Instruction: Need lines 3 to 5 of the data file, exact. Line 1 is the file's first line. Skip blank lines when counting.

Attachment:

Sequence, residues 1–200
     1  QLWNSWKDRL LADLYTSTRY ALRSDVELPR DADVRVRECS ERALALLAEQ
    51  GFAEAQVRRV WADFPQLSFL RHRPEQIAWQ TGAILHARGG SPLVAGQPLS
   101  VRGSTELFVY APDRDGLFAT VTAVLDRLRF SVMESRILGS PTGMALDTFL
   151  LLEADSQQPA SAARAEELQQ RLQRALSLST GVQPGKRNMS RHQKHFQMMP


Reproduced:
    51  GFAEAQVRRV WADFPQLSFL RHRPEQIAWQ TGAILHARGG SPLVAGQPLS
   101  VRGSTELFVY APDRDGLFAT VTAVLDRLRF SVMESRILGS PTGMALDTFL
   151  LLEADSQQPA SAARAEELQQ RLQRALSLST GVQPGKRNMS RHQKHFQMMP